“What?” he asked.

“Well,” I said, “how do they tell which buggy belongs to who?”

29 thoughts on “Driving Miss Crazy”

  1. Just came over from SITS and I was wondering the SAME thing! How can they remember which buggy is theirs? Ha.

    We have some Amish friends in Pennsylvania. They are very sweet, no electricity in the house, but the Dad has a cell phone (for business) and they have a phone in their barn! They tweek tradition more in this generation I think. ha.

    Have a great day!
    .-= Beth´s last blog ..Peace He gives … =-.

  2. Some of them have phones – but most are in little wooden booths at the end of their driveway. I guess as long as wires don’t reach their houses they are off the grid and save from the English. Then again I keep thinking they must be smart – how long would a teenage daughter be on the phone if she had to trudge down there in the snow and stand up to talk in 20 degree weather?

    And no – that picture doesn’t even come close to doing justice to the number of buggies there. What I wonder is if they grabbed the wrong one how would they know the difference? Maybe they don’t care. At least until they turn on the CD player and realize they have lost their favorite hymn sounds and are listening to a young kid’s Amish Rap band!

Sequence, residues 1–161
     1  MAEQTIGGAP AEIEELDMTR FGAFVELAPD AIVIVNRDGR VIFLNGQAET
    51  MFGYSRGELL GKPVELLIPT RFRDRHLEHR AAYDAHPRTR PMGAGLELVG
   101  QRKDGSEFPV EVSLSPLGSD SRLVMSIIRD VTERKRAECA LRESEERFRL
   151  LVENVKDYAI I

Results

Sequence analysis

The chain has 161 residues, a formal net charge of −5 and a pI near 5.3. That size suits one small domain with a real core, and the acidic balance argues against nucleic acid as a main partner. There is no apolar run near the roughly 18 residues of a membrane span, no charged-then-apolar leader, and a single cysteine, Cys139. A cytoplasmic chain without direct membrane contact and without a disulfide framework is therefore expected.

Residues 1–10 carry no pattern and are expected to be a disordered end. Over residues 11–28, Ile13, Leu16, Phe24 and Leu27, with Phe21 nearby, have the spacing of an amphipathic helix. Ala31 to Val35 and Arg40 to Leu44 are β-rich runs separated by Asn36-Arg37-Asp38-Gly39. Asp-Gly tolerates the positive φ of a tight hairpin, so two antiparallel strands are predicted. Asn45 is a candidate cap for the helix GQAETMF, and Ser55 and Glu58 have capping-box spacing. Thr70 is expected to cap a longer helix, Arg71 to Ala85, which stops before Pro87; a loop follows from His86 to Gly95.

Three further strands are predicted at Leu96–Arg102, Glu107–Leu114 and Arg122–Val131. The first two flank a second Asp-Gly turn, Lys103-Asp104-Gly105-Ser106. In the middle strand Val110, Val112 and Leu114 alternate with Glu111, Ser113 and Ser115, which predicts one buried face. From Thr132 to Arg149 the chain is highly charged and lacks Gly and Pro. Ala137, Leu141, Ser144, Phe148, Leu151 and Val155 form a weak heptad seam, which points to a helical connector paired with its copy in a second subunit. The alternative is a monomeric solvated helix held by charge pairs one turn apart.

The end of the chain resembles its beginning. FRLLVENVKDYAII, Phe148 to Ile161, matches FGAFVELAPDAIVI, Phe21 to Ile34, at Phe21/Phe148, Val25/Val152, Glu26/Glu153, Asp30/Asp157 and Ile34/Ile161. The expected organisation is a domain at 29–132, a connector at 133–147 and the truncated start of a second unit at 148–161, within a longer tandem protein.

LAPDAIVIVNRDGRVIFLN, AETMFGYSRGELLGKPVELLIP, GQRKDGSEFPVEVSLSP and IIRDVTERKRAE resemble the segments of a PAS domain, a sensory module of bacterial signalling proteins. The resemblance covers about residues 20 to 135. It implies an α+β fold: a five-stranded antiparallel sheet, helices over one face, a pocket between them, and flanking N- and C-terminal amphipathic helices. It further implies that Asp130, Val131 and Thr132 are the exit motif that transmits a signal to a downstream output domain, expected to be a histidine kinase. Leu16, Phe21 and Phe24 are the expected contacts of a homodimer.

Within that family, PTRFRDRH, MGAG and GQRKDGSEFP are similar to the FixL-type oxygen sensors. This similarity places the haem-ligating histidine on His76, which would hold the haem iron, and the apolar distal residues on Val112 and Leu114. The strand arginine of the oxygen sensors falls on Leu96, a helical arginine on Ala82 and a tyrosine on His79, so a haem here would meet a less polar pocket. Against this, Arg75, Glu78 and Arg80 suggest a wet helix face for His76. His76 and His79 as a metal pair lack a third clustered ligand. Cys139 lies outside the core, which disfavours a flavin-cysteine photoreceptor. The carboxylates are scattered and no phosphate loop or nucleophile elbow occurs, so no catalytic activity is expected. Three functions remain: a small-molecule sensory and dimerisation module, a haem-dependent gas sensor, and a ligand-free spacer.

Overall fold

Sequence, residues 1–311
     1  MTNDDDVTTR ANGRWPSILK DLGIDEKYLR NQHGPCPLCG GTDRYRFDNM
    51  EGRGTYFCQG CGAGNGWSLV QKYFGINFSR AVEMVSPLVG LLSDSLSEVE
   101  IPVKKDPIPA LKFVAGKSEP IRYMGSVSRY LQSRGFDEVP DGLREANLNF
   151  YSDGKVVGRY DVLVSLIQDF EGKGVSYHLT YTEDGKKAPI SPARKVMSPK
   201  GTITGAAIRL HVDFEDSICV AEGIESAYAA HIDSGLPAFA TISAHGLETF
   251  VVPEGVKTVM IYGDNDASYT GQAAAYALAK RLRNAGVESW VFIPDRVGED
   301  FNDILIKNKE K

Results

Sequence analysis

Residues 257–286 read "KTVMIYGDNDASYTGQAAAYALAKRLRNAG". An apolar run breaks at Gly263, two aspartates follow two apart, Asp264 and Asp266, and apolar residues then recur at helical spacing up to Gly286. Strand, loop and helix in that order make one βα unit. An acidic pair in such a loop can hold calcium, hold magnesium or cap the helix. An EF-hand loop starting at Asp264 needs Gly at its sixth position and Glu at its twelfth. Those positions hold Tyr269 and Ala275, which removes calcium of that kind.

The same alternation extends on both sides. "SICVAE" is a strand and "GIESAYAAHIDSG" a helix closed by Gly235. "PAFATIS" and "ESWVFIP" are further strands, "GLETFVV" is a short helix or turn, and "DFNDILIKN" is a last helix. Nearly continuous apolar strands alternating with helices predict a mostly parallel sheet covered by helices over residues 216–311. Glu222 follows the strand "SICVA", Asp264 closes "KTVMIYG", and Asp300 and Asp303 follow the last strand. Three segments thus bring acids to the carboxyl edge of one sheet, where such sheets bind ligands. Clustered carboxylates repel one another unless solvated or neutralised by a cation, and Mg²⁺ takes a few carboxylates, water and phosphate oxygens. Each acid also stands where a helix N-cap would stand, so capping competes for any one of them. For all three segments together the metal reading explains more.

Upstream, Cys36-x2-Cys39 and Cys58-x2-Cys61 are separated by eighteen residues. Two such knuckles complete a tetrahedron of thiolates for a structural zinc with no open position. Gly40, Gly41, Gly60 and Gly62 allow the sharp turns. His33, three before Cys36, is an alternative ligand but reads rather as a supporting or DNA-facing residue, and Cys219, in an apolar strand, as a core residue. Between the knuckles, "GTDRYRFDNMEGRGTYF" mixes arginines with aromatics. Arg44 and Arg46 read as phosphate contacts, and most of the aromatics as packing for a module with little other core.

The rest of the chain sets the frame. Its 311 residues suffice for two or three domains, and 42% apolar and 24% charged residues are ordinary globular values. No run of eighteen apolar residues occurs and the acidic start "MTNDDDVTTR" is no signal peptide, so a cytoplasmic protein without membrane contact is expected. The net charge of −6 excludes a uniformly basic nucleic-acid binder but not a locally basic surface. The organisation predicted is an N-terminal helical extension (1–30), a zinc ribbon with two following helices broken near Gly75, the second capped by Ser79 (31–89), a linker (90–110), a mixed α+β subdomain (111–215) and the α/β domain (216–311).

3. We moved from Seattle to Bloomington, IN so I can relate to the culture shock. It is so true that Ohio’s Amish kicks Indiana Amish butt. I adore the Southern Indiana, Eastern Kentucky, Southern Ohio circle we would drive frequently. Just for the reasons you described. Total zen-like experience.
    .-= Michele´s last blog ..The Boy’s Big Toe =-.

  4. I love the title for this post…we do have amish around here too but not quite that many. We do have to watch out for them when we are driving down certain roads. I like how you describe Ohio…since I have never been there it gives me an idea of what it’s like there.
    .-= Lori´s last blog ..Coming Home =-.

  5. Maybe they have a key fob where they press it and the appropriate horse nay’s.. Although that would be a great sight gag.
    An Amish beatdown? Don’t tell Fox. Or do. They’ll buy the premise in a heartbeat.
    Living in Florida, it’s a schlep to go anywhere outside your county. We have such a long state that when people ask why I don’t go to St Augustine more, I just say, “six hours in a car? Seriously?”
    Homer Simpson put it best, “Everyone knows that Florida is America’s wang.”
    You’re linked!